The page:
A study published in the Journal of Family Psychology, Vol.27 (3) has found that children adopted by LGBT parents, do just as well in terms of psychological adjustment, as those adopted by heterosexual couples.
The authors say an estimated 16,000 same-sex couples are raising more than 22,000 adopted children in the U.S. at present.
The study, published in June of this year, was carried out by Abbie E. Goldberg, Visiting Scholar at the Williams Institute, and JuliAnna Z. Smith, of the University of Massachusetts, and was titled Predictors of psychological adjustment in early placed adopted children with lesbian, gay, and heterosexual parents.
In a press release, dated 9th July, Goldberg stated:
“The emotional and behavioral outcomes of children adopted and raised by same-sex couples do not differ from those of children adopted and raised by different-sex couples… Our findings lend support for arguments that prospective adopters should not be discriminated against, in policy or practice, based on sexual orientation.”
In the abstract, the authors give an account of how many families, and what type, were involved in the study:
The current study examined 40 female same-sex, 35 male same-sex, and 45 different-sex parent families with adopted children, all of whom were placed in their adoptive homes under the age of 18 months.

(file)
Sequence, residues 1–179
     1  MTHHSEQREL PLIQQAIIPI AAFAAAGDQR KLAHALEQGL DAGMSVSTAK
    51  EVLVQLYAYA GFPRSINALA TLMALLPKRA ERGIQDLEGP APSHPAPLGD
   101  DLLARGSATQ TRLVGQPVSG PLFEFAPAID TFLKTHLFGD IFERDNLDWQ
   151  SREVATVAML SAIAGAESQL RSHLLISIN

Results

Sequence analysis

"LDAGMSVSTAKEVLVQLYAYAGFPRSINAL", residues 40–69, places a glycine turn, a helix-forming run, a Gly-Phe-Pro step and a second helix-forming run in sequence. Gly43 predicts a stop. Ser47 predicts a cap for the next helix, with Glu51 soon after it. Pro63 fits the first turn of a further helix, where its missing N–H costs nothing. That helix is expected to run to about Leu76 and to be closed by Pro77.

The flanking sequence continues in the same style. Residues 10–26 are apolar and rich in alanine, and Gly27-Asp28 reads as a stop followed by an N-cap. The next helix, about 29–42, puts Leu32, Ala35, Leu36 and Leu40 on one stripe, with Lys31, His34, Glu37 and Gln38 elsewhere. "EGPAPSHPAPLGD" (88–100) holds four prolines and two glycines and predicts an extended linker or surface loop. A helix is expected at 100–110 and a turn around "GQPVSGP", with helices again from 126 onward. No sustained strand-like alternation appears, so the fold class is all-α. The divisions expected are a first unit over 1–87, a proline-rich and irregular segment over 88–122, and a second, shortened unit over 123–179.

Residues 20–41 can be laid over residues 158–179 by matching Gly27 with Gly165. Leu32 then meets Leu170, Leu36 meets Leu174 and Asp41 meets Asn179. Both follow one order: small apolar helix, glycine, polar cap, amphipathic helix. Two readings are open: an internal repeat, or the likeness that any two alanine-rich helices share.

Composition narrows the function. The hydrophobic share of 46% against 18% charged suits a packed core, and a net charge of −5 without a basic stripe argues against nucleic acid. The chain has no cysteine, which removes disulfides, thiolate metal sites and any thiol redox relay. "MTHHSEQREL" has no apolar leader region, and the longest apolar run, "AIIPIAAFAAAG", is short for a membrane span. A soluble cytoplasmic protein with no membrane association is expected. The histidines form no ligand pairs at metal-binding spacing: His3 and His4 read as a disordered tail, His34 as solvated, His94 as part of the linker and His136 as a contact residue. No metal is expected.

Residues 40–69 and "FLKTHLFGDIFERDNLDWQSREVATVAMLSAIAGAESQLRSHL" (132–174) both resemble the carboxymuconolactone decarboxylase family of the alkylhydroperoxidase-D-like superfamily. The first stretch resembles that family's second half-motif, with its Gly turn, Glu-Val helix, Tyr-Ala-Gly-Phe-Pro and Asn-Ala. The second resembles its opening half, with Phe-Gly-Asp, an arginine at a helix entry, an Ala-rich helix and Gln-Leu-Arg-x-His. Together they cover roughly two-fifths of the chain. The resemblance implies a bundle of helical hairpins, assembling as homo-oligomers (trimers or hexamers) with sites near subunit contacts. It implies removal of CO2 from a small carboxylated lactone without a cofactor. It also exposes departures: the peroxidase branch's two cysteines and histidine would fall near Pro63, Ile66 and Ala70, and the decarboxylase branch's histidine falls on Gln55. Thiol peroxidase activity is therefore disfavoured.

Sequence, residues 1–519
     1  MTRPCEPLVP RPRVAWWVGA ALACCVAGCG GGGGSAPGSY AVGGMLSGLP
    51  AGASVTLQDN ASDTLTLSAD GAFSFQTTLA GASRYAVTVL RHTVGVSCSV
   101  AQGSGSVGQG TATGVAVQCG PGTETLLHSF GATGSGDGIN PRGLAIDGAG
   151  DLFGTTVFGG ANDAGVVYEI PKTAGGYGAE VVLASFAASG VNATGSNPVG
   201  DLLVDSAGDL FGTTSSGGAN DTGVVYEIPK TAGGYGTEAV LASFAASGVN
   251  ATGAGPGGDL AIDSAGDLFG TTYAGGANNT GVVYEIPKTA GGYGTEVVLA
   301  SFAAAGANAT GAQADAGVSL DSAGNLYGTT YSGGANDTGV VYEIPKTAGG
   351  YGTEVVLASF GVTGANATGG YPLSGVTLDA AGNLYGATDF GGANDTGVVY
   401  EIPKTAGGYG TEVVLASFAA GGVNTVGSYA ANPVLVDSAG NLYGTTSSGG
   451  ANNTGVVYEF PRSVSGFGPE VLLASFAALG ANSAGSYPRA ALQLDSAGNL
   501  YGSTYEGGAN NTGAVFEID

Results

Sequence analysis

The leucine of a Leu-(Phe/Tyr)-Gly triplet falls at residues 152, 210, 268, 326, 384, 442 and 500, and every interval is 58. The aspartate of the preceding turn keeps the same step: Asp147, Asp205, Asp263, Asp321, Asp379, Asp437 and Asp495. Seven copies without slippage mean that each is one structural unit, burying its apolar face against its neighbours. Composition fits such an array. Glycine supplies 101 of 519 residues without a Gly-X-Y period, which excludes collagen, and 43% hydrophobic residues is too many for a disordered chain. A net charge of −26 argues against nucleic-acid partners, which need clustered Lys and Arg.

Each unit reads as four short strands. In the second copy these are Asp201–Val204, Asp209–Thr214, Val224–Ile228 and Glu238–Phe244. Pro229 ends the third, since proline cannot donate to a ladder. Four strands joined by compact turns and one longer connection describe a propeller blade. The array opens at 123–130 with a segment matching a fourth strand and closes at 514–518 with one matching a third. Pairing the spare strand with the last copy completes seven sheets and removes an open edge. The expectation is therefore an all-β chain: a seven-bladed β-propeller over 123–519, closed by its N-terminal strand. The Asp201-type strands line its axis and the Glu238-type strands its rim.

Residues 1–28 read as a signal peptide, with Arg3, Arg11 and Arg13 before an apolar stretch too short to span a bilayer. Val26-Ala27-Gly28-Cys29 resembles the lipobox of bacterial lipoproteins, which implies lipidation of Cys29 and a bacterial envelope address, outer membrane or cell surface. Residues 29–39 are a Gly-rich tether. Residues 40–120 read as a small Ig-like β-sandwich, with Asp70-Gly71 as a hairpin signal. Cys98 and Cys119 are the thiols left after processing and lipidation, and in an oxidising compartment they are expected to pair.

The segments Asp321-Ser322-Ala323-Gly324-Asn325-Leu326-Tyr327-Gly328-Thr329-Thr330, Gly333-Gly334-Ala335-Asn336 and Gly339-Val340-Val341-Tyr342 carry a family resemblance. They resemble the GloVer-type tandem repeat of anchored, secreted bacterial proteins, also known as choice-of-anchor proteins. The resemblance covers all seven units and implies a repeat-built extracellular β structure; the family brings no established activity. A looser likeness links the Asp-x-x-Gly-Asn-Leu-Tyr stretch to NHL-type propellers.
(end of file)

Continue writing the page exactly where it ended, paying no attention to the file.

Their main findings were that children’s adjustment outcomes did not differ by family type. Across all family types, however, the authors found that a lack of preparedness for the adoption, and parent and partner conflict did affect the adopted child’s adjustment.
On the Williams Institute website Goldberg says:
Family type is not a predictor of a child’s psychological adjustment among early placed adopted children with lesbian, gay or heterosexual parents. An estimated 16,000 same-sex couples are raising more than 22,000 adopted children in the U.S., and these findings indicate that these children will likely fare no differently, as a result of their family type, than those being raised by heterosexual parents. This study examines aspects of the pre- and post-adoptive contexts in relation to child adjustment in 120 two-parent adoptive families (i.e., 40 female same-sex, 35 male same-sex, and 45 different-sex couples who adopted their children). All 120 couples were adopting their first child, and in all cases it was a single child under the age of 1.5 years.
The study is also one of the first to investigate the role of both pre- and post-adoptive contexts.
“By emphasizing the importance of parents’ adoption preparedness, positive well-being, and strong relationships, this study provides insights into the types of early environmental factors that do make a difference for adopted children,”